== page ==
Understanding Industrially-Relevant Biology
(e.g. all -omics, bioinformatics, process and product quality, etc.). Research under this theme seeks to understand basic principles of relevant cell biology that address issues in the industry. Projects could include topics such as: developing and improving `omic and metabolic models, identifying early markers for stability, understanding effects of raw materials on cells, biomarkers for cell behavior, epigenetic and ncRNA studies, identifying cell characteristics amenable to continuous processing, and identifying hotspots for target integration. This list is not exhaustive, but rather representative.
Process Monitoring & Control
(e.g. analytics, instrumentation, data mining and modeling). Research under this theme seeks to develop new analytical tools, sensors, and equipment, as well as approaches to integrate data from these devices, into improved methods for process monitoring and control. Projects could include topics such as: in silico modeling for process integration, real-time omics profiling, statistical process control, sensors for at-line, in-line, on-line product assays, measuring and controlling variability in raw materials, systems biology models for product quality predictions, predictive feed forward control models for critical quality attributes, and data mining tools for pattern recognition. Again, this list is intended only to be representative.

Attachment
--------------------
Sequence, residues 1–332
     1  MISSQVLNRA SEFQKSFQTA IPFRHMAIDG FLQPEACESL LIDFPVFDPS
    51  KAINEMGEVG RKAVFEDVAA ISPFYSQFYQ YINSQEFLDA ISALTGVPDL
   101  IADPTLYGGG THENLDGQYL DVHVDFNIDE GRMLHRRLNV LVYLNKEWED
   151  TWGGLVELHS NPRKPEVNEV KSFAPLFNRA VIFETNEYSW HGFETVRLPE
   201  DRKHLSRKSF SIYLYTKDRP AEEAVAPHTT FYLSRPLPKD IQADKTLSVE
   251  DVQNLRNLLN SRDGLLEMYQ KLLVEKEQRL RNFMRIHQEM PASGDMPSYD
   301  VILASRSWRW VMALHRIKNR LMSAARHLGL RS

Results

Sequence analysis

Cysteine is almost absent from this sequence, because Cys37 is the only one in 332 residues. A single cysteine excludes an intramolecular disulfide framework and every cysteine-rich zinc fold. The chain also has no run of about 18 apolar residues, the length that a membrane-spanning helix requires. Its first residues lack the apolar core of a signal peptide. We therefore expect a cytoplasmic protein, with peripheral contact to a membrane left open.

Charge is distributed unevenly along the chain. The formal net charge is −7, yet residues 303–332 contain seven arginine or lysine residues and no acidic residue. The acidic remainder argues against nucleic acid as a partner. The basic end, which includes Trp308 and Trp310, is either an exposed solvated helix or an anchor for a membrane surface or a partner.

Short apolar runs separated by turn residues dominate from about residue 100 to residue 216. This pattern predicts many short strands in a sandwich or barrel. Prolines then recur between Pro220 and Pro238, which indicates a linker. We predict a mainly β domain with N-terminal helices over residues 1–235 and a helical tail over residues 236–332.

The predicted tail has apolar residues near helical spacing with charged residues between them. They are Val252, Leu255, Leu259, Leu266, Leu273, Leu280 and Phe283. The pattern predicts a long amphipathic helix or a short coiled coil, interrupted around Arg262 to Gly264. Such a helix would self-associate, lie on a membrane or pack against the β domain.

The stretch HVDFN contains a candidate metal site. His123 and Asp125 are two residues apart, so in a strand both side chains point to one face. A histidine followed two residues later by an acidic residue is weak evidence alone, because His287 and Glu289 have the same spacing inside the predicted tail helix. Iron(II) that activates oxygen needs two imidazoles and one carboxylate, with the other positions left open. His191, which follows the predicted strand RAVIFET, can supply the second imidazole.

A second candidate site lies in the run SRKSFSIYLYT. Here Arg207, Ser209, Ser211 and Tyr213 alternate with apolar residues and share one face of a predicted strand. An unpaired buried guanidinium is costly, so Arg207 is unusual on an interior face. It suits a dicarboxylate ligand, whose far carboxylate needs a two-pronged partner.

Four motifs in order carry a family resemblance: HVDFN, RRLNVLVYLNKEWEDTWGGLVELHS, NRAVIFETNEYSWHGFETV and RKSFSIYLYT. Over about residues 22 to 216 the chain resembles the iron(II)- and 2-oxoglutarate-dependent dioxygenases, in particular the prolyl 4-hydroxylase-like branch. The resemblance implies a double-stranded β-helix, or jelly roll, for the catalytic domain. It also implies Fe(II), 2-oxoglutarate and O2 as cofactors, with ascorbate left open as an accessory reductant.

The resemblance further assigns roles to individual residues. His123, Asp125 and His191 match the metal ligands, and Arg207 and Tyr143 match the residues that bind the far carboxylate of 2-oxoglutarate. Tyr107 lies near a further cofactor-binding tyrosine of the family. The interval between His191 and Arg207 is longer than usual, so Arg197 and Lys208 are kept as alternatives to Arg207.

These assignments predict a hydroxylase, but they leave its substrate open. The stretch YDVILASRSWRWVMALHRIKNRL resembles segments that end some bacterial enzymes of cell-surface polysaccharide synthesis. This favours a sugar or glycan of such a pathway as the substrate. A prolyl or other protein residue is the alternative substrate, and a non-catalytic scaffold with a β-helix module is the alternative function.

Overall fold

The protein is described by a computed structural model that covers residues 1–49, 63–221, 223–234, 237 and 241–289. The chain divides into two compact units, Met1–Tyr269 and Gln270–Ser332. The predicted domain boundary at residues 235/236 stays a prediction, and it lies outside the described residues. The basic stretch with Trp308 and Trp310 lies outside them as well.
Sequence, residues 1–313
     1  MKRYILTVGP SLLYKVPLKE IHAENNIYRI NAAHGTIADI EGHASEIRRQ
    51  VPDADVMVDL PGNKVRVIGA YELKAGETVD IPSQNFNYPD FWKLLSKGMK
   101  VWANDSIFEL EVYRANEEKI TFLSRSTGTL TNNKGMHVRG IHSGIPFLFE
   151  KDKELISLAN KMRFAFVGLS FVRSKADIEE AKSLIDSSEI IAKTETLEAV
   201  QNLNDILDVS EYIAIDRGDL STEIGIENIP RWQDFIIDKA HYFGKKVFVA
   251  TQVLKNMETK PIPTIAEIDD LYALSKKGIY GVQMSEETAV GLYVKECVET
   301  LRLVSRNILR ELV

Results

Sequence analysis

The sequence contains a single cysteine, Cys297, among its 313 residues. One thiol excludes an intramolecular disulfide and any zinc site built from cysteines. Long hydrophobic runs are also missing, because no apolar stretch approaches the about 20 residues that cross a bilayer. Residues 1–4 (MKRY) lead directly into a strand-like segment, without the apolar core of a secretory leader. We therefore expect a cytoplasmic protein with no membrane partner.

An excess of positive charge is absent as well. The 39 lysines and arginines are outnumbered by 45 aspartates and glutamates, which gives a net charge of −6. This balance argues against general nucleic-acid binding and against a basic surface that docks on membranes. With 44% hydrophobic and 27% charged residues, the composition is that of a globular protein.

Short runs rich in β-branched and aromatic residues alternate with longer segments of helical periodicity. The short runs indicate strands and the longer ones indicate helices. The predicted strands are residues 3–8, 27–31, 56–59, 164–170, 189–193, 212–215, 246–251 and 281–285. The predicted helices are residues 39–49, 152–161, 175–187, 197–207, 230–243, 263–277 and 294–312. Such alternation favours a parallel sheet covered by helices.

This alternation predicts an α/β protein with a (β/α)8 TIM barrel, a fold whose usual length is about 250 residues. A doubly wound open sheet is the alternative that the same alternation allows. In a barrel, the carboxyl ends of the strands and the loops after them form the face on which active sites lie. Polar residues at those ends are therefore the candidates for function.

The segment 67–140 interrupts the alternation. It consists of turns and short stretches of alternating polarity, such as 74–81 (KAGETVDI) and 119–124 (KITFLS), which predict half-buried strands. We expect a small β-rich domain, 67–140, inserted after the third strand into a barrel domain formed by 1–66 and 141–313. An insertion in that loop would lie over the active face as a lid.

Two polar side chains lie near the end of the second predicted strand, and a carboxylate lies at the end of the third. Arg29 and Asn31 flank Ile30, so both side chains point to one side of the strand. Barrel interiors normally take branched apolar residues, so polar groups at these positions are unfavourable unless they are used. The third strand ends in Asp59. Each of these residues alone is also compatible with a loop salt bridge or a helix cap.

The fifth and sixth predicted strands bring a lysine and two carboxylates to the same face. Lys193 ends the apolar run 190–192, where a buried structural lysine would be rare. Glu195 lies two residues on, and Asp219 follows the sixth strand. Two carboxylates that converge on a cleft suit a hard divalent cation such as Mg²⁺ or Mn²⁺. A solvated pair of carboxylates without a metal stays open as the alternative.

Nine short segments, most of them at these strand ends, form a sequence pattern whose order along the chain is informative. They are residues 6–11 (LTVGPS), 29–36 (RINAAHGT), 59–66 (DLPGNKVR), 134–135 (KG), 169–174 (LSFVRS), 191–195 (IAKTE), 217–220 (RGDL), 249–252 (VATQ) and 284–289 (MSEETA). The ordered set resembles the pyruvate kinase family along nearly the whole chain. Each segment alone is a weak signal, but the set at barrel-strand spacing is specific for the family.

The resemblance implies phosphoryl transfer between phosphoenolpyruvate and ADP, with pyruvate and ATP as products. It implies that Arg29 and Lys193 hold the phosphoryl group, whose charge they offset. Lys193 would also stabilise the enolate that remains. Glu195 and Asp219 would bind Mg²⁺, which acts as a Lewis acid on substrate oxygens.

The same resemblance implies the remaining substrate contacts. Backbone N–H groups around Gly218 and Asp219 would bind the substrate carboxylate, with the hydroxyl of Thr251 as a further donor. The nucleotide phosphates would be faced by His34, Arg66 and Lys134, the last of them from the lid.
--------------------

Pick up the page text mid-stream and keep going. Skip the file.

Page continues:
Consensus and Standardization Issues
(e.g. standards, simple fingerprints, raw material issues, regulatory issues, forensic bioprocessing, clonality). Research under this theme addresses important questions that new biological insights offer in the context of industry-wide impact where each company has unique products, processes, and platforms; yet has seen common issues impact multiple organizations or where organizations seek to develop industry-wide standards to facilitate regulatory compliance and best practices. Such projects could include work on: leachables and extractables, impurities, sustainability issues, performance standards for disposables, omics and clone characterization, demonstration projects for new technologies, standardizing the CHO genome, and building a better CHO.
Johns Hopkins University Facilities and Infrastructure.